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Firehole Lake Drive - Yellowstone National Park

Firehole Lake Drive is a 2-mile (3 km) drive that passes geysers, hot lakes, hot springs—even a hot cascade.
Rating: 5 out of 5 by EveryTrail members
Difficulty: Easy
Length: 3.7 miles
Duration: Less than 1 hour
Family Friendly

Overview :  From Fountain Paint Pot, drive 1.2 mile (2 km) south (toward Old Faithful) to Firehole Lake Drive. Firehole Lake Drive is a one-way... more »

Tips:  Hydrothermal features are fragile rarities of nature. Yellowstone preserves the largest collection of hydrothermal features on the... more »

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Points of Interest

1. Firehole Spring

To see Firehole Spring, stop at the first long pullout on your left. Early explorers thought the large bubbles looked like flashes of light—hence the origin of the spring's name.

2. Surprise Pool

At the next parking area, view Surprise Pool. Early visitors threw sand in the pool to cause "surprise" boiling. Luckily their behavior caused no permanent damage, and you can still enjoy the deep blue color and wide intricate overhangs of sinter.

3. Great Fountain Geyser

Whether Great Fountain Geyser is in eruption or not, you will see why the early explorers were so enthusiastic about this geyser's beauty. Eruptions average 100 feet (31 m) high, but some visitors are rewarded with rare "superbursts" of 200 feet (61 m) or more. Eruptions last 45-60 minutes in a series of bursts. Great Fountain takes 10-14 hours to... More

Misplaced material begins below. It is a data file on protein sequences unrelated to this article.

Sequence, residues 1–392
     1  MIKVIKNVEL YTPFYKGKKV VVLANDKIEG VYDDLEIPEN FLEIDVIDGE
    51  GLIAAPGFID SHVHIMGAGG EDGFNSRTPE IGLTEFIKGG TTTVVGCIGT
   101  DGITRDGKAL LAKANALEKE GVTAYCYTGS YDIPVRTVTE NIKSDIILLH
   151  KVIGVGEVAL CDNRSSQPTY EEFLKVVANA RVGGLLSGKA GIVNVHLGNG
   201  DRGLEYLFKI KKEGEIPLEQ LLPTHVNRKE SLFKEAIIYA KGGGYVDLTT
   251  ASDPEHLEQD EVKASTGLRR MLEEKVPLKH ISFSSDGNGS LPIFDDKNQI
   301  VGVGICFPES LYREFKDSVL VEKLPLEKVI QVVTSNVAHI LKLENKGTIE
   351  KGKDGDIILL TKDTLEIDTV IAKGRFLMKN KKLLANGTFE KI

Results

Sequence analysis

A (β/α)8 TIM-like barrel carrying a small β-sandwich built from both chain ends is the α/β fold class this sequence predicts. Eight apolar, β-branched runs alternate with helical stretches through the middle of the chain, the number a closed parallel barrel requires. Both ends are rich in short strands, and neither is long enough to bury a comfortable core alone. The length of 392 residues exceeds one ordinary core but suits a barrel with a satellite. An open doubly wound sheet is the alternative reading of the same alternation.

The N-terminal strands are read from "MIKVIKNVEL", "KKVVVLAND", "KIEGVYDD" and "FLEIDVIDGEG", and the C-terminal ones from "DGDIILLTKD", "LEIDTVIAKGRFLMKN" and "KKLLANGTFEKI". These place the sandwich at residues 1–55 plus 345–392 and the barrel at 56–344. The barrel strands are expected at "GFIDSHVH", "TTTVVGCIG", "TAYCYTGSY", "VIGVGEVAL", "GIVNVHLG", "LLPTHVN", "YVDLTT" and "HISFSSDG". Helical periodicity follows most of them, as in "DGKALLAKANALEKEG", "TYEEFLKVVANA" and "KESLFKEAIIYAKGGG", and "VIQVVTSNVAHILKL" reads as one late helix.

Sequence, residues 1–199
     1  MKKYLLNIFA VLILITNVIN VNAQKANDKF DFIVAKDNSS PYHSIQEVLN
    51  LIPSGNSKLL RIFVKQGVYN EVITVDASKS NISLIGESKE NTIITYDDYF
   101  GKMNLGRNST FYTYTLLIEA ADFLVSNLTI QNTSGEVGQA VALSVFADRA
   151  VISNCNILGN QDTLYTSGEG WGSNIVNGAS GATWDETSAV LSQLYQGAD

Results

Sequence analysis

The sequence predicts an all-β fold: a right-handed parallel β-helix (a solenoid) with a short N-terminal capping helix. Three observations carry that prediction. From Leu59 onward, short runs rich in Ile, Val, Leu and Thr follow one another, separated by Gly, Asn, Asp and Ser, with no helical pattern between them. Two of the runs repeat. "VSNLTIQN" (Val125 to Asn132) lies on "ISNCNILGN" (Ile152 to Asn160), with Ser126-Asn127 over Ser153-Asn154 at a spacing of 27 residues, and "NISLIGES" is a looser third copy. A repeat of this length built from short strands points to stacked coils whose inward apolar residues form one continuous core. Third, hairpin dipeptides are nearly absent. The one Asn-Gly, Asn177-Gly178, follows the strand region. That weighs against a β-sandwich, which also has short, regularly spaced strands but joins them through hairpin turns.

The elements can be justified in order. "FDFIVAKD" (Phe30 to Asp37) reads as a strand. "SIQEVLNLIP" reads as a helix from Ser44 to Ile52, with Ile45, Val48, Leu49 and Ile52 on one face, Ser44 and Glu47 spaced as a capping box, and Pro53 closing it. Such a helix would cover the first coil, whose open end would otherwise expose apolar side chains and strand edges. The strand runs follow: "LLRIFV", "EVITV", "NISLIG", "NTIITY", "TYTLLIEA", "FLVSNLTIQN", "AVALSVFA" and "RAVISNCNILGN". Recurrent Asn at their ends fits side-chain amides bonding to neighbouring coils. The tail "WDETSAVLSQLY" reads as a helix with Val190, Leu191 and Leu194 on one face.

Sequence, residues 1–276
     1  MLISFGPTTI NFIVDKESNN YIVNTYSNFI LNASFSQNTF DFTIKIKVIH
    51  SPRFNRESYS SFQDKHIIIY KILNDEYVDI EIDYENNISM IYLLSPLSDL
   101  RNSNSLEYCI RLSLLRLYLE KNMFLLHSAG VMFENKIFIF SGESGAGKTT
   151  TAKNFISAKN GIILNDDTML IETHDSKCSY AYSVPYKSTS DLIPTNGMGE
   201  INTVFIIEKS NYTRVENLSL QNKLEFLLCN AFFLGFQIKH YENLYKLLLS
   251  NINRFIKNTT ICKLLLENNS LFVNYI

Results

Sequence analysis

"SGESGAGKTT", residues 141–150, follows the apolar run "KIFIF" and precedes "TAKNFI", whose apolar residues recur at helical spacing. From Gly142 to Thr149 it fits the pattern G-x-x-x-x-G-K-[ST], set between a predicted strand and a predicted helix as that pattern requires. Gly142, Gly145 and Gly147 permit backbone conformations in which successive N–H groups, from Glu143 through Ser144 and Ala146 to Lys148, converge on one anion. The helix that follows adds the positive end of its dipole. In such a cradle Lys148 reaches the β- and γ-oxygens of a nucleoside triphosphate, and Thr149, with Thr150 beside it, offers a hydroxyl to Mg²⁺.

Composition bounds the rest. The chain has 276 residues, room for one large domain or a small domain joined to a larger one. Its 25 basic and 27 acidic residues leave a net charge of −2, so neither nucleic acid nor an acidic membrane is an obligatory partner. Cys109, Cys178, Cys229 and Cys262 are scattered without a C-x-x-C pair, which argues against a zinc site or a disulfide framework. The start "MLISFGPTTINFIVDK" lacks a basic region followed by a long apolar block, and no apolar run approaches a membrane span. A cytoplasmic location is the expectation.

4. White Dome Geyser

The massive cone of White Dome Geyser indicates it has probably been erupting for hundreds of years. From such an enormous cone one might expect enormous eruptions. However, its narrow vent has been nearly sealed off with sinter deposits. Eruptions reach a height of approximately 30 feet (9 m)- the height of the entire cone. The eruption lasts... More

5. Pink Cone Geyser

In the 1930s, a road was built right across the mound of Pink Cone Geyser. Fortunately this seems to have had little effect on the geyser's performance.

No record of Pink Cone erupting exists until 1887. From 1889 to 1936, it seemed to be dormant; then for the next 23 years, it erupted approximately every two days. After the Hebgen Lake... More

6. Firehole Lake

The largest hot spring in this area, Firehole Lake, lies to your right as you enter the large parking area. Several vents supply water that averages 158°F (70°C). The water contains high levels of carbon dioxide. This allows the water to transport more calcium, which forms deposits of travertine around the lake's edge and in pearly deposits around... More

7. Young Hopeful Geyser

Along the shore of this hot lake, Young Hopeful splashes almost continuously up to 2 ft (0.6 m). Other small geysers beyond this feature splash water up to 10 ft (3 m).

8. Artesia Geyser

Artesia is a perpetual geyser that is never stops ejecting water from at least one of its two cones, usually no more than 5 ft (1.5 m). One vent is angeled toward the boardwalk that passes the geyser and the other is angled toward the Firehole River.

During a period in 1999, one of the cones jetted to a distance of 12 ft (3.7 m) while the other... More

9. Steady Geyser

The waters across the parking lot have other surprises. Walking counterclockwise, you'll see Steady Geyser. Its mineral deposits contain calcium carbonate (appearing as travertine), silica (appearing as siliceous sinter), and manganese oxide, which causes a gray color.

A geyser within a lake: while a geyser within another body of water is not... More

10. Black Warrior Lake

Manganese oxide also accounts for the dark color of Black Warrior Lake.

11. Hot Lake

12. Hot Cascades

As the boardwalk reaches the end of this pool, you'll cross Hot Cascades, a steaming fall of water from Black Warrior into Hot Lake.